Maryland farms could get new opportunities to profit from food waste as the state begins requiring large food producers to recycle. Hospitals, stadiums and other entities producing at least 2 tons of food waste per week will, starting in January, have to send their nutrient-rich scraps to an anaerobic digester, compost facility or livestock feeding operation instead of a landfill or incinerator. Supporters hope the law, passed in 2021, will reduce greenhouse gas emissions and benefit farmers. The program tackles a glaring inefficiency in U.S. food production. A third of the country’s food goes uneaten, and less than 20% of the discarded material gets repurposed, according to the Environmental Protection Agency.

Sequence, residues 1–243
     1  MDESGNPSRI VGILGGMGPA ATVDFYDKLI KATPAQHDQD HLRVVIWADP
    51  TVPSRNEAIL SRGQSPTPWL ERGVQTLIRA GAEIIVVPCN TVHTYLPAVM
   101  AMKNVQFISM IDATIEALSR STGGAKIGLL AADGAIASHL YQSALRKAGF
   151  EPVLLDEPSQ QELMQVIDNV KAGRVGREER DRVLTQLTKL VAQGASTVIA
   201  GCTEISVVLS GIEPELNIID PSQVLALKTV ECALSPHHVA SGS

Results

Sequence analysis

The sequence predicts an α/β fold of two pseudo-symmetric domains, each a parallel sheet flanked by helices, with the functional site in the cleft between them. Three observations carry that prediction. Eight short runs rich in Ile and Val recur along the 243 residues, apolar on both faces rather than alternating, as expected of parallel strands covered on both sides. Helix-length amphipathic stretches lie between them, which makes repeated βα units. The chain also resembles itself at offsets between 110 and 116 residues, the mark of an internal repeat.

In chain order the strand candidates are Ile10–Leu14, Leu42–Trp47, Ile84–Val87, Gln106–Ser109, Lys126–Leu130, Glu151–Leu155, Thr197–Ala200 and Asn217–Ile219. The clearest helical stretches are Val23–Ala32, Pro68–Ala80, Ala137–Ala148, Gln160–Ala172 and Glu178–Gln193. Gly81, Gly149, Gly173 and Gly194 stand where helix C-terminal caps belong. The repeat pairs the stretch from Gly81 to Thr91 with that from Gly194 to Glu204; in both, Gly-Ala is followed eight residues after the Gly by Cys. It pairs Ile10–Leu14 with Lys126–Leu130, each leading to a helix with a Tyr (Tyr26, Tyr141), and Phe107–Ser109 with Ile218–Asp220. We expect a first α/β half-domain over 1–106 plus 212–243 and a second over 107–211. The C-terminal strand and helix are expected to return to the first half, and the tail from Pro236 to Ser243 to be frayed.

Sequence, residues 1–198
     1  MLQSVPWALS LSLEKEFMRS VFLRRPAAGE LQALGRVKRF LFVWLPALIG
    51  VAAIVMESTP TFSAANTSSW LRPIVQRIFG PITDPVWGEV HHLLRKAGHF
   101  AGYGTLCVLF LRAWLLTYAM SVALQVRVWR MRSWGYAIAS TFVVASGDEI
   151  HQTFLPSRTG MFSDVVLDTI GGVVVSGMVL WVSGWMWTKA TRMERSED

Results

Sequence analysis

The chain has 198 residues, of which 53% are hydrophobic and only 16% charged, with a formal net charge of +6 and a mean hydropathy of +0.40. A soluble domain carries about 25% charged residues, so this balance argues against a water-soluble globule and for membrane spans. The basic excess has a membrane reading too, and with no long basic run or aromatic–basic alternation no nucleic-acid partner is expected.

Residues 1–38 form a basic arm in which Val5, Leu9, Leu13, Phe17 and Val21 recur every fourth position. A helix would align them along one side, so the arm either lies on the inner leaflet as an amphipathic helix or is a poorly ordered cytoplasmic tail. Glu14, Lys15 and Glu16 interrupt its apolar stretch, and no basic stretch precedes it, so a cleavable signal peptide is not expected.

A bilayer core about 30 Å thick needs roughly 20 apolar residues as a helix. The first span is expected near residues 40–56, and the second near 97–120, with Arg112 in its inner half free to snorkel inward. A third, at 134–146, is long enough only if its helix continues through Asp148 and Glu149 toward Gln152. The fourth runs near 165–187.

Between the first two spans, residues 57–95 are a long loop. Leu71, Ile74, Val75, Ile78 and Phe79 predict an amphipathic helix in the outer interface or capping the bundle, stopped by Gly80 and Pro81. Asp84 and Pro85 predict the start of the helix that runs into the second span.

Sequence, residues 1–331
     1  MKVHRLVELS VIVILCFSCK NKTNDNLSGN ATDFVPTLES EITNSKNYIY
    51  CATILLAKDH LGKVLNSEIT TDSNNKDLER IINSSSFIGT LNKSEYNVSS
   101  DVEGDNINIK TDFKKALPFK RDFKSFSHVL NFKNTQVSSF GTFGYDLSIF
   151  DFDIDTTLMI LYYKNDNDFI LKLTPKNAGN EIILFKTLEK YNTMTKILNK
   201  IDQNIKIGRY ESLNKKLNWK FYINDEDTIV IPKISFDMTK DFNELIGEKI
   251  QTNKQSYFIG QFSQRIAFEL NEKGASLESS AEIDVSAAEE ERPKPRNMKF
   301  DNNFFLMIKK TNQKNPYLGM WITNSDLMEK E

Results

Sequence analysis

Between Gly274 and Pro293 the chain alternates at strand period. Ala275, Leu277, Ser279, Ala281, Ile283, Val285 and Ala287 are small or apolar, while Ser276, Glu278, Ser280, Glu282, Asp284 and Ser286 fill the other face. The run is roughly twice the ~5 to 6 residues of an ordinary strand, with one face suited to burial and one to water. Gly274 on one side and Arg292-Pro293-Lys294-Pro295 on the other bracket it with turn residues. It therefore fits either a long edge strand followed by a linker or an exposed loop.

Maryland’s approach should raise that percentage while conserving scarce space in the state’s landfills. Washington state, which has had a food diversion program since the 1980s, has steered over 1.5 million tons of distillery waste to livestock feed, said Shannon McDonald, a natural resource planner at the Department of the Environment.
McDonald helped write Maryland’s legislation and will conduct education and compliance efforts once the law goes into effect. She spoke Oct. 28 at the University of Maryland’s Agricultural and Environmental Law Conference. Maryland defines food residuals as both pre-consumer and post-consumer scraps — not merely kitchen waste. The law could apply to a wide range of organizations but has a number of nuances.